Myth or fact? Support staff must log off EHR between documentation

Tanya Albert Henry , Contributing News Writer

No state or federal regulations appear to prohibit a clinically trained staff member—such as a nurse or medical assistant (MA)—from performing documentation and other clinical duties without logging out of an EHR during a single patient encounter.

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“There is a misunderstanding among some organizations that nurses and medical assistants must sign in and out of the EHR between performing tasks that would be considered clinical and those that are more clerically oriented. This is not true,” said Christine Sinsky, MD, AMA vice president of professional satisfaction. 

The AMA is spreading that message as part of a series of “Debunking Regulatory Myths” articles that provide clarification to physicians and their care teams in an effort to reduce the administrative burdens that divert doctors’ attention from the delivery of patient care.

“Our primary focus is to clarify confusion around what regulations require,” Dr. Sinsky said.

AMA’s debunking regulatory myths series is part of the AMA’s practice transformation efforts and provides physicians and their care teams with resources to reduce guesswork and administrative burdens so their focus can be on streamlining clinical workflow processes, improving patient outcomes and increasing physician satisfaction.

This series includes a webpage devoted to each regulatory myth, such as the one that physicians must re-document medical students’ entries in a patient’s EHR. In these articles, the myth is stated and debunked, and resources are provided to remove any lingering doubt that the myth isn’t true. More articles are being added regularly.

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It’s common for MAs, nurses and other health professionals to take part in documentation and various clinical tasks while interacting with a patient under the advanced team-based care model. For example, they may take and record the patient’s vital signs and then document clinical notes while the physician meets with the patient.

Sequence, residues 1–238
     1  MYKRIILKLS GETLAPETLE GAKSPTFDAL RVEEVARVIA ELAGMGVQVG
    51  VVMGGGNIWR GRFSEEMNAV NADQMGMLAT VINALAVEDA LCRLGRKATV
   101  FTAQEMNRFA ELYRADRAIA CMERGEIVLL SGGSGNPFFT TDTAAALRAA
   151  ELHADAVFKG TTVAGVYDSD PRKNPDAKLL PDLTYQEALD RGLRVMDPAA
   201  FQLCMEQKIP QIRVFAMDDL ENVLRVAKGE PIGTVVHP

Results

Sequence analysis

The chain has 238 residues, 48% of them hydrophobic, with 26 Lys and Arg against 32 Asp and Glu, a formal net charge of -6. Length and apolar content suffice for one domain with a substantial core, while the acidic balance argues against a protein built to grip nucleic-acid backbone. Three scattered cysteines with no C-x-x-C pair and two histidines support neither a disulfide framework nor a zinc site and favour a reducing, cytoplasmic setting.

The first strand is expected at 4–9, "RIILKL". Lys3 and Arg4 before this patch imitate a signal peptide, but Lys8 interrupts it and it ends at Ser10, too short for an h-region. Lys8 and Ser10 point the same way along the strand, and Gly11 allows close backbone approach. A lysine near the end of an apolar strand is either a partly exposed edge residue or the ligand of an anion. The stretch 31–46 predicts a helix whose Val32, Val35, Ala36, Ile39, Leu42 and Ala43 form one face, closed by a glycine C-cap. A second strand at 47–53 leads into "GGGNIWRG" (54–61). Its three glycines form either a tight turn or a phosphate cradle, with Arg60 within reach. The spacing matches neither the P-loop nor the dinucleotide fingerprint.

In reviewing what the states and the federal government require, the AMA discovered that “to the best of our knowledge, no state or federal law or regulation prohibits a clinically trained staff member from performing both documentation and other clinical duties during a single patient encounter,” the regulatory myth item states.

It notes that the Centers for Medicare & Medicaid Services does not provide any official guidance on using documentation assistance.

The Joint Commission also does not support or prohibit the use of documentation assistants. In a 2018 FAQ about documentation assistance, The commission encourages health care organizations to develop policies and procedures specific to documentation assistance and create job descriptions that define minimum qualification and the scope of work.

However, the American Health Informatics Management Association (AHIMA)—a non-regulatory professional association—in 2012 advised that MAs should sign in and out of role types within the EHR when alternating between documentation and other clinical tasks. AHIMA said there could be legal or other issues revolving around job roles and responsibilities when a professional serves as scribe and clinical assistant during the same patient encounter.

Some organizations have created policies that say a clinical assistant must sign in and out of the EHR when they switch tasks. EHRs may also have job-specific security access that limits what tasks a particular type of user can complete when they are logged in. For example, a documentation assistant or scribe may not have the access they need in the EHR to perform clinical tasks.

“It is important for organizations to balance organizational security and access roles with policies and procedures allowing health care professionals to efficiently use the EHR during patient encounters while working within the scope of their training and certification,” the regulatory myth item states.

Dr. Sinsky also noted that “it is usually helpful to ask to see the primary source of a regulation when faced with a rule that doesn’t make sense or that unnecessarily adds to the workload.”

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Physicians and members of their care team are invited to submit their queries about misinterpreted regulations that might be diverting their time from patients. Email the practice transformation team directly at [email protected].